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Home  /  geekspeak  /  Netflix offline won’t solve your travel watching woes

Netflix offline won’t solve your travel watching woes

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Australians generally have taken to online streaming services with extreme gusto, despite the generally woeful state of our broadband services in world terms. The Australian Communications and Media Authority recently released its 2015-2016 Communications Report, detailing the communications activities of Australians across all kinds of services. For broadband, and specifically online video content, it’s a key driver of our online activities, with 91% of Australians having accessed the online world in the six months to May 2016, and of those folks 68% were accessing online video services several times a day.

Some services definitely split along age lines, with catchup services such as the ABC’s excellent iView attracting an older audience where younger viewers favoured services such as YouTube. Subscription services such as Netflix were popular with 32% of the online streaming audience.

Online streaming can be great value as long as two primary conditions are met. First of all, they’ve got to have something you actually want to watch to justify themselves. That’s an ever-evolving buffet of choices, because individual shows come and go from any of the streaming services, and many (including Netflix) are now investing serious money in their own original content that you won’t normally find elsewhere at all.

The second condition is of course that you have a broadband connection where you want to watch of sufficient quality to actually stream. Here Netflix often outclasses its competition, both in the high end, where it offers some content in 4K quality if you’ve got a fat enough broadband pipe, but also on the lower end, where its standard definition adaptive streaming can often deliver at least partially watchable content even on a lousy connection. It can’t work miracles, but it does what it can.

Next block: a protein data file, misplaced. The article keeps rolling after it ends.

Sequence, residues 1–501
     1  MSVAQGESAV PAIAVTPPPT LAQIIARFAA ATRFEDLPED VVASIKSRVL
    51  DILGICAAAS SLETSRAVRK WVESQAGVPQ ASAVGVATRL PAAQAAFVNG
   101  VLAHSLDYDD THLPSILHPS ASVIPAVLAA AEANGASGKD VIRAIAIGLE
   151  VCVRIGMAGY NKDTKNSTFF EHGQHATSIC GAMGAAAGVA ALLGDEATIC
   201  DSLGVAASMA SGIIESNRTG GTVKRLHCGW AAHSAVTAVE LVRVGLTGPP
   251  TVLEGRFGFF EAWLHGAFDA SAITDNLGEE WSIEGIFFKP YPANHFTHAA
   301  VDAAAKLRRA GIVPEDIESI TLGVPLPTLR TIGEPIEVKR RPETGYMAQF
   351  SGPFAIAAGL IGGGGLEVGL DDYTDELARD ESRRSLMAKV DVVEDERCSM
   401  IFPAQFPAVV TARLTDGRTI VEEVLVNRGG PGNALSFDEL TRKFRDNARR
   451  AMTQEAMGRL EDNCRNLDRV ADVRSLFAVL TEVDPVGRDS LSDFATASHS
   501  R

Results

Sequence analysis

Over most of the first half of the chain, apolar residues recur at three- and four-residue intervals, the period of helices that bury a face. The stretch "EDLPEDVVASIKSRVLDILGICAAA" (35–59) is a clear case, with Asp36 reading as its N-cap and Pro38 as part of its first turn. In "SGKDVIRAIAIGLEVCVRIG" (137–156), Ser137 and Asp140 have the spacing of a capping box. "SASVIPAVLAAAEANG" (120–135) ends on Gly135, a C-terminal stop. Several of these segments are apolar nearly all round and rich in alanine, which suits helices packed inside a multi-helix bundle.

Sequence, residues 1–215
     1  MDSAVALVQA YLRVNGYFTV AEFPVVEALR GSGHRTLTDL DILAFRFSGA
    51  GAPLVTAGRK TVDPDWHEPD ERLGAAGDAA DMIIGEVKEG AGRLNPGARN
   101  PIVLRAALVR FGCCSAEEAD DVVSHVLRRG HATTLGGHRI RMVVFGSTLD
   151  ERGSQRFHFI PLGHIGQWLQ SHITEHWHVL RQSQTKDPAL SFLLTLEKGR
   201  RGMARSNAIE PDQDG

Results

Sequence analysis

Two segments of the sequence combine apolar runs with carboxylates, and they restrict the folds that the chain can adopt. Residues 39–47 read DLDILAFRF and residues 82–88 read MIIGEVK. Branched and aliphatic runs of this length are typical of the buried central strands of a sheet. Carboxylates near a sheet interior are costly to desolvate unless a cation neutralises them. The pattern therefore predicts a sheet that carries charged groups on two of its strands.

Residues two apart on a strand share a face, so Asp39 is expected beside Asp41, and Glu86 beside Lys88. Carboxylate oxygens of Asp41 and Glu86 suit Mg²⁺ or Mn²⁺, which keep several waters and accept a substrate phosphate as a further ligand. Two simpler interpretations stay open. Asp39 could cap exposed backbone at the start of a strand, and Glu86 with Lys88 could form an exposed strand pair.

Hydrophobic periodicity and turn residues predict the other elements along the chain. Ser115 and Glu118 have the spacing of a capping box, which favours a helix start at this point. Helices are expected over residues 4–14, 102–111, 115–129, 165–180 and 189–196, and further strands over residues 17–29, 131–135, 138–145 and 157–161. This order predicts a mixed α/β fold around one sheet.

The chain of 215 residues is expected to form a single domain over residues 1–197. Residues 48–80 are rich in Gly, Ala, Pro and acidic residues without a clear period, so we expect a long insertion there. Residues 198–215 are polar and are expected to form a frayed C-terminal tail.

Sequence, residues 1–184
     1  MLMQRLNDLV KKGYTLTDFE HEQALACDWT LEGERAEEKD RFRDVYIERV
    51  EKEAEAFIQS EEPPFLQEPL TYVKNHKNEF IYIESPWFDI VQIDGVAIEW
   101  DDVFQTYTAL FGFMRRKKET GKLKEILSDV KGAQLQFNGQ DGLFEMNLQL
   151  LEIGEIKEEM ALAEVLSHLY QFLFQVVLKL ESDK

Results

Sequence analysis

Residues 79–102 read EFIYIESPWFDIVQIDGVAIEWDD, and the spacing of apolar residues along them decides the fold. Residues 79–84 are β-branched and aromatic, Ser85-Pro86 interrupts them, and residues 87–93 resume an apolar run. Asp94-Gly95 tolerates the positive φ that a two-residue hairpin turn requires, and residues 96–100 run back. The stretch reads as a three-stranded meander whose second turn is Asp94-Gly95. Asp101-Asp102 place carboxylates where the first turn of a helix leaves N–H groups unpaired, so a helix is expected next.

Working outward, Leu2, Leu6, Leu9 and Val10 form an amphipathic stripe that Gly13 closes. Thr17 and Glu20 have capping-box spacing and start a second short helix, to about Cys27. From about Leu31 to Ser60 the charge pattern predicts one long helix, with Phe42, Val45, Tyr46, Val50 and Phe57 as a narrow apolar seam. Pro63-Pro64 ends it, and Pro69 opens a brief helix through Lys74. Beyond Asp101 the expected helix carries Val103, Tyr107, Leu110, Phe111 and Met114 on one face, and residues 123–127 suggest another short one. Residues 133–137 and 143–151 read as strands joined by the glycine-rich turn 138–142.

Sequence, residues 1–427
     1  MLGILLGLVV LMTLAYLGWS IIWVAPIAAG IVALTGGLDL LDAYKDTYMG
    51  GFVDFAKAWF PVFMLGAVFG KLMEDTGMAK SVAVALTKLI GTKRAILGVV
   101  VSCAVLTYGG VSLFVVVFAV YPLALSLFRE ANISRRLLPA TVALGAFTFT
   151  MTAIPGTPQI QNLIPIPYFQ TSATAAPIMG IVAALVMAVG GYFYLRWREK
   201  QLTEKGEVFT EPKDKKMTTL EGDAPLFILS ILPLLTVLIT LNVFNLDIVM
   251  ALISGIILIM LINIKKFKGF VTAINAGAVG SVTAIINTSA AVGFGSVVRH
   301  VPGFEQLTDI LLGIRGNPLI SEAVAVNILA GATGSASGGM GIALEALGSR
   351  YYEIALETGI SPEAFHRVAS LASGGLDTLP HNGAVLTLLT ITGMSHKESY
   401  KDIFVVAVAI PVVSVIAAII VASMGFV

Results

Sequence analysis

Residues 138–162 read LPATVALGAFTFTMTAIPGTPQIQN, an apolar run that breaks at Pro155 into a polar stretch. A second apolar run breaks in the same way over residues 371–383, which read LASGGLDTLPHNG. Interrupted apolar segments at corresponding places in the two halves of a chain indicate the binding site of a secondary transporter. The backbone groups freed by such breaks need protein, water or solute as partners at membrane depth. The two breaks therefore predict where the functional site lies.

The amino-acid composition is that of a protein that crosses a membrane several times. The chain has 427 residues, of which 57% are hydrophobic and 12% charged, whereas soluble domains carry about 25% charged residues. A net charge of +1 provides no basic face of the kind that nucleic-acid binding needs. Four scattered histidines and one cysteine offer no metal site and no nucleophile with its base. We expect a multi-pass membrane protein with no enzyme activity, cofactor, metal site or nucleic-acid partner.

That always-online portion is problem though if you travel, because when you’re remote, or if you’re outside mobile broadband areas, or simply don’t want to cough up the mobile (or inflight) broadband fees, many of which are expensive, there’s not much value in the service per se. Netflix recently announced that it’s making content on its service available for download, which, you might think, would alleviate that connectivity problem. Load up some movies and TV shows, and even if you are on, say, a flight to Europe or the US, you’re sorted for your own curated list of watchable programming.

Except that there are some significant limitations with Netflix’s approach to this. It’s available for Android and iOS tablets and mobiles only, so if you travel or watch through a laptop, you’re out of luck straight away. Not everything is available, as the SMH points out, and while you might think that this was simply a rights issue between Netflix and the TV and movie studios it licences from, this even includes so-called “Netflix Originals” content only found on Netflix itself. You’d think if anywhere they’d hold those rights. It’s not clear how long you’d have to watch specific shows or films, and it’s strictly one-at-a-time downloading, so if you want to use a long trip to catch up on a season of a show, you’ll have to download every episode individually, if you’re even allowed to.

I’ve long travelled with a selection of legal entertainment options on a tablet, because while alternatives such as inflight entertainment have improved in leaps and bounds over the years, they can still crash, or for that matter be filled with trash I’ve no interest in actually watching. That’s a more tedious process in some ways, but it relies on content I explicitly own licences for, whether they came direct from iTunes or Google Play, or bundled with a physical disc. Netflix’s efforts to offer offline playback aren’t a bad thing per se, but their initial implementation is quite messy, and not the seamless experience you might otherwise expect.

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